Yeah. One of the things I love that you've said is that sometimes you can have that energy of an entrepreneur and it's really hard to sit still. And I too was in trouble a lot in grade school, in high school. And I think I got labeled and I think for all of our listeners that might have that same energy inside of them, don't let those labels stick on you. I think it's horrible t hat teachers do that. I hope that they're a little bit better today i n recognizing people with different learning styles. And so if you're one of those people with a slightly different learning style, be proud of it because I think the more you listen to stories of successful people, you'll find out that many successful people have different learning styles that aren't necessarily sit down, shut up and learn. Anyhow, thanks for that one. Ni ck, let's get to the story. How did you get started in the business?

Nick Friedman:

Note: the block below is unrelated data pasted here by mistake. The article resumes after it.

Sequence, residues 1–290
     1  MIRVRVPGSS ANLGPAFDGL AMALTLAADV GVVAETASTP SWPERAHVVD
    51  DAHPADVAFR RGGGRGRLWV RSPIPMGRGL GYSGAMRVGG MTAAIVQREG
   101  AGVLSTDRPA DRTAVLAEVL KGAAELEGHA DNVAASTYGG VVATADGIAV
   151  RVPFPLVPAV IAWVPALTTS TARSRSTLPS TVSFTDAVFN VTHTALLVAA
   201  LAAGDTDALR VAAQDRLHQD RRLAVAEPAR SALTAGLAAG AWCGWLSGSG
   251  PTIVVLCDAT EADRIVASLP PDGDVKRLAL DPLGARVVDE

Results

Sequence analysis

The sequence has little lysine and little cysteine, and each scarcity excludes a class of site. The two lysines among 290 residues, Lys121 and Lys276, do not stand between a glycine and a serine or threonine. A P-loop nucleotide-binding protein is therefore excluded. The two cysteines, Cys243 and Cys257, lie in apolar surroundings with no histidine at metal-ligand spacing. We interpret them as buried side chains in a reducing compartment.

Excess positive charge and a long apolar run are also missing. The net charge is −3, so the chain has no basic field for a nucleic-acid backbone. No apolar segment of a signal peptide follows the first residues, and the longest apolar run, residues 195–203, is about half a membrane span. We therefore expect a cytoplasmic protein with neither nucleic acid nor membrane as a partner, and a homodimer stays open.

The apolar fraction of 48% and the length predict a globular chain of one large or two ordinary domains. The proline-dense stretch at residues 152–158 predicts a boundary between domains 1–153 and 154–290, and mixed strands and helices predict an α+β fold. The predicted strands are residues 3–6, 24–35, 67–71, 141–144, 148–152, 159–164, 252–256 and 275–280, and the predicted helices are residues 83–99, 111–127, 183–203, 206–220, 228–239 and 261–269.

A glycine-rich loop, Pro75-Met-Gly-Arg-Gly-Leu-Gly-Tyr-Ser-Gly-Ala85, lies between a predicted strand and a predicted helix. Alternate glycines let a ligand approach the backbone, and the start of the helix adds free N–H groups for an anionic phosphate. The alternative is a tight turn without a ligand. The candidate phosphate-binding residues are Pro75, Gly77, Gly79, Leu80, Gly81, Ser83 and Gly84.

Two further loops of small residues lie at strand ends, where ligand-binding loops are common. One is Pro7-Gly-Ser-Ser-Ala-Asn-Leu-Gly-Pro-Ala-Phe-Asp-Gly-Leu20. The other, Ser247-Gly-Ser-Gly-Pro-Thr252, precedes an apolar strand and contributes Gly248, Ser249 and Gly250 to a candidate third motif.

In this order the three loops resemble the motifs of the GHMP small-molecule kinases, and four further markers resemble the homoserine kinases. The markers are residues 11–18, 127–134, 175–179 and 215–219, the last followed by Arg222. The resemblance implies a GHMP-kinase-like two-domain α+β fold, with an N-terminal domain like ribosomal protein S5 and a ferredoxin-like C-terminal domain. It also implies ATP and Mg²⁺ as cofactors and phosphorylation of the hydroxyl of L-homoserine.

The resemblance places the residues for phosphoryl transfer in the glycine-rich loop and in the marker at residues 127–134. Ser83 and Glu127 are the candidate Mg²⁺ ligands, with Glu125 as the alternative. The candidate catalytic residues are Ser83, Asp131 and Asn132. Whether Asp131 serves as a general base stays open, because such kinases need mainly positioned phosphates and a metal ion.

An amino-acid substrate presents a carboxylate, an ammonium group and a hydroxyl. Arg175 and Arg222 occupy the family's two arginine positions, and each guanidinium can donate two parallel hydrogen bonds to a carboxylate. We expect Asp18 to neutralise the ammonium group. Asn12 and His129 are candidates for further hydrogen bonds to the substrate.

So, as I mentioned, you know, we've always been brought up to follow the traditional career path . So during college, we were home for summer vacation the summer before our senior year. And all I was thinking about is I need a job after we graduate. Meanwhile, my buddy, who I'd met in detention, I just told you the story about his name is Omar Solomon. His mom had a beat up cargo van from her furniture store, and she's the one who suggested why don't you guys take the van make some money, moving people's stuff or hauling people's junk away. And, you know, you guys could be like the college hunks of all junk. And we looked at each other and kind of laughed about it. And we were like, well, that's got a catchy ring to it. So we literally put it on computer print out, flyers, stuck it in mailboxes. And the phone started ringing. And that was really the first light bulb moment for me is A people needed this service and B they thought the was catchy and playful. And this was not something that we'd ever learned about both in high school or college. So we went back to school our senior year after making some decent money for college kids that summer as sort of a gig and wrote a business plan. And we entered it into an entrepreneurship competition , just to give it some more formality to the idea. And it ended up winning first prize out of about 150 entries. And so I think that gave us a lot of the confidence and credibility from a third party to say, Hey, this could actually work. so after college we got regular jobs briefly and then said, you know what? This is not for us. Let's quit our jobs and start the business full time . And I remember, you know, a lot of people were skeptical. They said, you know, you're going to quit your job to do what, you know, haul junk. And the company is going to be called what college hunks, you know, are you throwing away your college degree to start a junk hauling business? Uh, but we use that as motivation at the time. You know, we were, you know, said to ourselves, Hey, you know, you talk about vision. We're not going to be just two guys driving around in a junk truck. We want to be a national brand. We want to see college hunks, hauling junk trucks, all around the country and every city , you know, anytime somebody needs junk hauled, or eventually now moving , we want them to be calling us. And so that was our great idea. But at the beginning, we were doing all the work ourselves and I always tell the story. We would be driving the trucks, you know, answering the phones, hauling the junk. Uh, and we had the 800 number on the back of our truck routed to our cell phone. And people would call the 800 number to complain about erratic driving, but I'd be in the driver's seat answering that call saying, you know, we don't condone that driving in our company. We'll tell those guys to be safer on the road, you know, thanks for reporting that to us. So we probably fired ourselves at least three or four times that first summer, and actually kind of started to burn out a little bit. And really the next light bulb moment for us was when a mentor recommended to us a book called the E-Myth revisited by a guy named Michael Gerber, the letter E myth revisited by Michael Gerber. And , and it's kind of a great entrepreneurial handbook. I'd recommend it any, you know, startup entrepreneur, because the key message there is for business to grow. You've got to learn how to work on the business, not just in the business. And , that was like, wow, you know, if ever we're going to have another truck, let alone another location, which is our grand idea we've got to get off the truck. We've got to have other people that can help build the systems and execute the playbook. So we started just documenting checklists , you know, how we did everything. And that was really the foundation to allow us to expand locally and then eventually led us down the path of franchising, which of course you're very familiar with as well.